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Hatcher's success stems from days in Brickyard

In the words of Thomson football coach Luther Welsh, Jesse Hatcher is "big time" these days.

JesseHatcher1988.jpg

Former Thomson Bulldog Jesse Hatcher closes in to help with a tackle during a Clemson game against Virginia Tech on September 3, 1988.
Photo by Morris News Service
The former standout linebacker for the Bulldogs and later for Clemson is now a star on a different kind of playing field. The successful businessman left the gridiron years ago, but he said it was the lessons learned there that helped him become what he is.

"(Coach Welsh's) whole leadership style is one that is transferable across all businesses and all types of activity," Mr. Hatcher said. "I've somewhat patterned my leadership after his. I try to work with the people that I'm responsible for rather than having them work for me...

"It's not about me," Mr. Hatcher cited as the most important thing he learned from his days of Bulldog football. "It's about developing people, helping them be the best they can be. Because if you're developing people, you sure learn a lot, and you give a lot. That's a gift you can see as long as they're living."

The 1985 THS graduate won a state title with the Bulldogs before moving on to play for a junior college in California. From there he transferred to Clemson.

During his senior year in high school he also kept busy serving in the reserves.

He is now a major in the National Guard. In fact, two of his friends have served with the Guard in Iraq, Lonnie Lott and Teddy Butler. Mr. Hatcher made sure to thank them for their service.

Despite his notoriety from the military, it is his full-time job from which most people know him these days. He works for Deloitte and Touche, Deloitte Consulting out of Atlanta.

Mr. Hatcher's job consists of management consulting services for some of the company's larger accounts. He has helped redesign sales and service processes and implemented huge enterprise systems.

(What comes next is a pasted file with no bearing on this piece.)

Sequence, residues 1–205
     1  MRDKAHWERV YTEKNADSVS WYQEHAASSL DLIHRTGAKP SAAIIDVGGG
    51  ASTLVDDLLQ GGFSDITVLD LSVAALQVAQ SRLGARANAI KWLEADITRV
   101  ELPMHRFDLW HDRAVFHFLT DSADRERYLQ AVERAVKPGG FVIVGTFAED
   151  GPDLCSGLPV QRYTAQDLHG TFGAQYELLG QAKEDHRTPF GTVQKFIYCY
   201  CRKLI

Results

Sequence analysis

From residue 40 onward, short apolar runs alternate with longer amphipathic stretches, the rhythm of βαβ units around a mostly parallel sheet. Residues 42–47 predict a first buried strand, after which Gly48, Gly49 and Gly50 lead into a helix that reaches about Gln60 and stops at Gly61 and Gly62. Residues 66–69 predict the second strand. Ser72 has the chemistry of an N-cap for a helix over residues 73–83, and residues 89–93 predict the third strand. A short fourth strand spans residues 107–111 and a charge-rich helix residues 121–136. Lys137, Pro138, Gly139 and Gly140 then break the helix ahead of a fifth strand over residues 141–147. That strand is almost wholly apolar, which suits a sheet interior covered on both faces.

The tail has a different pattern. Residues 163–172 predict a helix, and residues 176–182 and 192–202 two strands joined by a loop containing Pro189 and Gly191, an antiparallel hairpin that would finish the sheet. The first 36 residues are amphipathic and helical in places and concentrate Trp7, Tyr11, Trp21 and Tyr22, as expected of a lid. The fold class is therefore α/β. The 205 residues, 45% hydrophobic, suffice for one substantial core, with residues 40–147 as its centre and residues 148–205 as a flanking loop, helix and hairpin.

"He was an outstanding football player and an outstanding person," Coach Welsh said of Mr. Hatcher. "He has a great deal of character, integrity, and he always wanted to do the right thing. ... I knew he was going to make good. He's one of the ones who prepared himself, and now, he's making pretty good money."

Though it's mostly business these days, Mr. Hatcher said some of his most fond memories are of playing football in the Brickyard. He always knew he could win as a Bulldog because of preparation and confidence in his teammates. He added that he was prepared both academically and athletically for the next level while at Thomson.

"If you don't do anything else, ever in your life, if you play on that football team, you know you were a part of something special," Mr. Hatcher said.

Another of the standouts from that same Thomson team who also had a huge college career was Jerry Mays. Mr. Hatcher met the future Georgia Tech running back - one of his closest friends - while playing on a mound of dirt near both of their homes before they were even old enough to start school.

Since both played college football in the Atlantic Coast Conference, they did get one game against each other. Mr. Mays told neighborhood kids he was going to run for a touchdown on the first play against the Clemson defense. Mr. Hatcher had a different idea of what would happen.

"They're going to snap the ball. He's going to run for it. I'm going to hit him in the mouth and knock him on the ground," Mr. Hatcher remembered telling the kids as well as Mr. Mays.

"The first play of the game, they put him in the slot, just like he said they would," Mr. Hatcher said. "I looked inside like I didn't see Jerry, and Jerry took off up field. And when he got close to me, I swerved my head around and looked at him, and I hit him dead in the mouth. And I said I told you.' He didn't say a word. He got up and ran back to the huddle."

Mr. Mays did get his revenge, though. In the third quarter, Georgia Tech used a similar play, and Mr. Mays scored on a 65-yard run.

"We called it a draw on the individual performances in that game," Mr. Hatcher said.

ABOUT THIS FEATURE:

The McDuffie Mirror will be profiling former local athletes - both Bulldogs and Bucs - in this occassional series. If you have a former athlete you'd like to see in The Mirror, please call Janet at 597-0335 or e-mail news@mcduffiemirror.com.



Web posted on Thursday, January 19, 2006











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